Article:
To my view, when Paul refers to Jews he means Jews, and when he refers to “Israel” he means his fellow Jews in their identity before God.  So, despite Wright’s extended effort to make his case that in Romans 11:25-26 the Israel afflicted with a “hardening” (v. 25) was the ethnic body of Jews, but the “all Israel” that Paul says will be saved (v. 26) is the church, I am unpersuaded.

I reiterate that one of the reasons that Wright takes his view of matters is that he thinks that the unity of the family of Abraham in Paul’s thought requires a uniformity, a homogeneity, with no continuing significance for Jews as such in God’s plan.  It’s clear that for Wright his reading of Romans 2:25-29 is crucial to this notion that the oneness of the people of God cannot accommodate a continuing ethnic entity of “Israel”.  Indeed, a check of the index of references shows that these verses are by far the most frequently cited in the two-volume work, indicative of their place in Wright’s thinking.

Wright takes Paul here as saying that the term “Jew” no longer has an ethnic meaning, that gentiles who observe God’s law from their heart are in fact the true Jews.  I tend to see these verses, however, in the context of the preceding material (Rom. 2:17ff.), where Paul rhetorically addresses fellow Jews to emphasize that their ethnic identity means little unless they obey God, and that the true Jew is one who acts accordingly.  Mere ethnic identity isn’t enough, says Paul.  But these verses hardly seem to me to justify Wright’s sweeping notion that for Paul “Jew” and “Israel” no longer held their traditional ethnic connotations.

So, as I’ve indicated in a previous posting a few months ago, it still seems to me that Paul holds out the divine secret (“mysterion“) that the present, distressing (to him) situation of the main body of fellow Jews (their refusal to acknowledge Jesus, a “hardening”) will not ultimately prevail against God’s purposes.  Instead, when God’s present purpose with gentiles has been completed (the “pleroma“/’fullness’ of the gentiles,” Rom 11:25), God will then obtain the corresponding “pleroma” of Israel as well (11:12), and “all Israel” too will be “saved” (11:26).  Having consigned all (Jews and gentiles in their turn) to disobedience, God will show mercy to all (in their turn, Rom 11:32).

This isn’t a “two covenant” notion such as Eisenbaum espouses (Jesus the redeemer of gentiles, and Torah the salvation of Jews), for Paul seems to me to have held that all must come to God via Jesus.  But (as I see it) Paul did continue to see the family of Abraham, the full company of the redeemed, as comprised of believing Jews (such as himself) who remained Jews, and gentiles who remained gentiles.  To be sure, their respective identities were to have no negative impact upon accepting one another, for they were all “one in Christ Jesus” (Gal. 3:28).  But along with that oneness there remained (for Paul) the significance of “Israel” as fellow Jews, who were (as he saw it) heirs of divine promises (Rom 9:4-5).  Although at present, most of his fellow Jews were “enemies” (so far as concerns the gospel), they were, nevertheless, “beloved” by God, whose gifts and calling were irrevocable (11:28-29).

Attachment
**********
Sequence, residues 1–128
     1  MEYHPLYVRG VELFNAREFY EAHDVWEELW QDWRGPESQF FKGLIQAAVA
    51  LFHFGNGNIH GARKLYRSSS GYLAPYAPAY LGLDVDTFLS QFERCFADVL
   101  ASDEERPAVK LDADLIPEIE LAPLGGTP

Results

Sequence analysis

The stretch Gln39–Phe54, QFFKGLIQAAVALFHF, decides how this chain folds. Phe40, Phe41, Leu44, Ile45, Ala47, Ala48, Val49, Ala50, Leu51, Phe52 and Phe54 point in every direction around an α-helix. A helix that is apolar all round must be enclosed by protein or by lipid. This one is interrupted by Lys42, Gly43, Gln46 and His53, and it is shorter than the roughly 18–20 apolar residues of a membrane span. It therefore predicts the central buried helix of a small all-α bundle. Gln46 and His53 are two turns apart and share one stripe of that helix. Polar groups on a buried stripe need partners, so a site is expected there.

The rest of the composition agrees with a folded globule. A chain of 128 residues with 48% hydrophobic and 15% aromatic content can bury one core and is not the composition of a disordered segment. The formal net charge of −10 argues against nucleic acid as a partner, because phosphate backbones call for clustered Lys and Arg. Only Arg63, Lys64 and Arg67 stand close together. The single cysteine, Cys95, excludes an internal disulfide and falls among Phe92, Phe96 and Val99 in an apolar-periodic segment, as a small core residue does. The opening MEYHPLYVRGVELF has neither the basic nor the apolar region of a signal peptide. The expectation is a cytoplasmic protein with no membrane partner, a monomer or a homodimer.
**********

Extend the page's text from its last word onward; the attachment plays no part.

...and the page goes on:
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35 Comments
  1. Dr. Hurtado,

    “I don’t see any evidence that he saw Israel as having failed in the way that Wright alleges, that Israel failed in bringing redemption to the world, that Israel’s problem was keeping God for herself. … I see no basis in Paul for Wright’s notion that Jesus assumed the role and responsibility of Israel.”

    Thank you! I’ve been reading Wright for years and still can’t see what he’s seeing with his whole “one faithful Israelite” thing, and was beginning to think I was quite alone in that regard, so again, thank you! This post was very helpful.

    It seems to me that Wright would draw a boundary around OT Israel and label that boundary Torah, but after the Christ event would put Israel in quotes and re-label the boundary Christ. If this is what Wright is doing, I see Paul doing something a bit different.

    I think Paul might put both Torah and Israel within the same bounds and label that boundary sin. However, now that boundary is re-labeled Christ – sin has been defeated, and so Torah does not go away, but rather is now free from condemning the very people it was graciously given to “to result in life” (Rom. 7.10). When Christ set us free, the Torah was set free along with us.

    This is why, as I see it, those commands concerning the (temporary) removal of sin are no more / superseded (circumcision, priesthood, temple, sacrifices, etc.), whereas it is still maintained that we (Jew and Gentile alike) are to fulfill Torah. The new covenant / Law is “new” in the very way that we are “new” in Christ.

    Thoughts? (I will be graduating from Wheaton College this May, and will be attending St Andrews this September.)

    Best regards,
    Ben Varner

    • Well, the point of view I espouse is that Paul continued to think of fellow believes as Jews and gentiles, and didn’t homogenize them. They were one body, but unity doesn’t mean uniformity. So, gentile believers were to observe the Torah-commands expected of gentiles, and Jews the Torah as given to/expected of Jews, providing that the latter didn’t interfere with full acceptance of gentile believers.